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Where do key education bills stand as...

Where do key education bills stand as session nears end

By: Jeremy Pittari - April 15, 2024

  • Lawmakers remain divided on changes to the K-12 funding formula.

With only a few weeks left in this year’s legislative session, most of the bolder attempts at education reform have died or are on life support. Here’s a look at where things stand.

Funding for K-12

Funding Mississippi’s K-12 education system has been a back and forth battle this session, with the Senate and House offering competing visions for the formula that decides how money is distributed to students. Each chamber has stood firm in their positions.

Senate Bill 2332 would have tweaked the current Mississippi Adequate Education Program (MAEP) to provide more funding and a slight adjustment to how inflation is calculated, but would have left the 1997 funding formula otherwise in tact. House Bill 1453 sought to create a new formula, called The INSPIRE Act (INSPIRE). After HB 1453 died in Senate, the House amended SB 2332 to include the INSPIRE language and sent it back to the Senate for consideration. The Senate then killed SB 2332.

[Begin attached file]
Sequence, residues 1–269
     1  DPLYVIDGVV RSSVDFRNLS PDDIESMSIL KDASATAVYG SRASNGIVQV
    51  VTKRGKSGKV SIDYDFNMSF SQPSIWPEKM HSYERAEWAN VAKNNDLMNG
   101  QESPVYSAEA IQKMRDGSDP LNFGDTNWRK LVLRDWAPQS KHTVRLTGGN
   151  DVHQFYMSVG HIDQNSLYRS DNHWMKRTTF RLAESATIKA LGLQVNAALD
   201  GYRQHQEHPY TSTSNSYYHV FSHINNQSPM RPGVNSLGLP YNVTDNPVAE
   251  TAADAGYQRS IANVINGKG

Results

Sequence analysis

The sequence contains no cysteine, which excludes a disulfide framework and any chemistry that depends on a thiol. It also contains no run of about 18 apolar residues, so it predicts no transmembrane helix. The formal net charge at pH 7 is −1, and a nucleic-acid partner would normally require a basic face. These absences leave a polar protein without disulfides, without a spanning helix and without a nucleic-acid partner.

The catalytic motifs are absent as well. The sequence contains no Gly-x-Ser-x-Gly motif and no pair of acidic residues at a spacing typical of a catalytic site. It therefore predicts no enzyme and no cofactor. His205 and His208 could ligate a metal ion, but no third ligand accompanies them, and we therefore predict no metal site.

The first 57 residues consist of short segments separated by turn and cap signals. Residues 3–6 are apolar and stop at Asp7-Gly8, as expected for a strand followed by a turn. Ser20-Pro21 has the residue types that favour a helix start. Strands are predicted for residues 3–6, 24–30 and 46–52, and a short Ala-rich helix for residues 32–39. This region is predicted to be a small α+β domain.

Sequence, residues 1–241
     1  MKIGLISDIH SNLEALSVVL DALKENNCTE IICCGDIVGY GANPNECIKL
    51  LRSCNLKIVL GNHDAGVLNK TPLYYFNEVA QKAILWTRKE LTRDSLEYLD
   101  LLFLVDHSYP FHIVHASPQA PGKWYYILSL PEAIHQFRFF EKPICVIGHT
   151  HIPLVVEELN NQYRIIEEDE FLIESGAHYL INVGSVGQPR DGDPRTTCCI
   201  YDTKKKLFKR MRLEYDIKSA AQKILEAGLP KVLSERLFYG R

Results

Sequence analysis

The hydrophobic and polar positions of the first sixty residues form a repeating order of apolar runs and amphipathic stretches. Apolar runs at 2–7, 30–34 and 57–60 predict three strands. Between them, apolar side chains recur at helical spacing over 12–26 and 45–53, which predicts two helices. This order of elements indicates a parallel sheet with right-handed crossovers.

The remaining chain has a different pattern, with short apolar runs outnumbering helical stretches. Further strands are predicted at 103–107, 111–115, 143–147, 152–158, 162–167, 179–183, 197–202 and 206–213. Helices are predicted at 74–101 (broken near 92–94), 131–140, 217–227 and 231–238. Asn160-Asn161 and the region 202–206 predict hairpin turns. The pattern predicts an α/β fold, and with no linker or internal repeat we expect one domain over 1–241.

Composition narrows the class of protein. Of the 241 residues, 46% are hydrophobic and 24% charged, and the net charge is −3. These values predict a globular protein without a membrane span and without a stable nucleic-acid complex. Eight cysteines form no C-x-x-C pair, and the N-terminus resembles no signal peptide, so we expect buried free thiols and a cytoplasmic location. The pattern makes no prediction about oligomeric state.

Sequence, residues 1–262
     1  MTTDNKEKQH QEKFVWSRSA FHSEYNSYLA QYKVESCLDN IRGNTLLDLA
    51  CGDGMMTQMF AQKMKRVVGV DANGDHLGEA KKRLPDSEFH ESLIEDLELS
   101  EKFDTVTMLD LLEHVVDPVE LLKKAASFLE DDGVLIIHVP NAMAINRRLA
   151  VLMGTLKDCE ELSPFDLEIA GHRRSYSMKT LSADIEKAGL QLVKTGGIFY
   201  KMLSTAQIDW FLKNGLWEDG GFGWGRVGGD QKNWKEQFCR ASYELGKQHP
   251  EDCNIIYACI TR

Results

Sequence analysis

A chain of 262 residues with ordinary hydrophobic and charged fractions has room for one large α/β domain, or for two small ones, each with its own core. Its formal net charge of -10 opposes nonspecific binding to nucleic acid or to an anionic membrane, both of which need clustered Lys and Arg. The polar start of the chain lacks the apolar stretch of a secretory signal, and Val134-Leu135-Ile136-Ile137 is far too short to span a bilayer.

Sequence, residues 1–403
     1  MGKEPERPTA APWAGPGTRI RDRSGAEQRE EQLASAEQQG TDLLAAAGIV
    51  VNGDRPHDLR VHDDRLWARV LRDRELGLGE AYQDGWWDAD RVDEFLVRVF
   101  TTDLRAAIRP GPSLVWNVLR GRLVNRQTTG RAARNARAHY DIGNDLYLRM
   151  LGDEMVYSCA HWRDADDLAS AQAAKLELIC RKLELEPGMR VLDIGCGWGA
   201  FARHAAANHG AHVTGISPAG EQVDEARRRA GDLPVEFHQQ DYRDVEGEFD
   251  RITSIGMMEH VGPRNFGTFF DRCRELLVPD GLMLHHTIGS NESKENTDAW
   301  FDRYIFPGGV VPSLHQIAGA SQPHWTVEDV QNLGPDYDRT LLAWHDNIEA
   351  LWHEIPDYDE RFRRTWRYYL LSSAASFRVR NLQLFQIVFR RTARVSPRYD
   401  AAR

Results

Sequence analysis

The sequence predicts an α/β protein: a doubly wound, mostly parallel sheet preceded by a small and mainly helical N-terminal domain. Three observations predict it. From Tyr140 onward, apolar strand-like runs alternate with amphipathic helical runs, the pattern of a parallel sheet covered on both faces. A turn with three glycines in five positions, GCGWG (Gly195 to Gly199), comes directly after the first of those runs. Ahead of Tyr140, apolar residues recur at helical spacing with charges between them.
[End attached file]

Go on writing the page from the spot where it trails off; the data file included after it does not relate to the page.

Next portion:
While the Senate’s MAEP revisions died with SB 2332, the funding that would have been generated from those revisions was inserted into HB 1823. Meanwhile, the House put INSPIRE into SB 2993, as a third attempt at gaining Senate backing.

No matter what happens, State Senator Dennis DeBar (R) has indicated that the education system will, at the very least, receive level funding while the two legislative bodies work out their differences before the start of the 2025 legislative session. However, until sine die is called, this, too, remains uncertain.

The Senate’s plan would increase total education funding by over $200 million, while the House’s plan would increase funding by $250 million.

In addition, teachers may see another pay raise. The Senate’s proposal includes a $1,000 increase on top of the record pay raises signed into law in 2022.

Virtual Classroom v. Modified Calendars

Many school districts in Mississippi find it difficult to attract enough teachers, particularly in advanced or specialized courses which cater to a smaller number of students.

HB 1192 sought to expand Mississippi’s virtual learning program to make it easier for districts to employ technology to fill those gaps, bringing virtual instruction in from outside the classroom.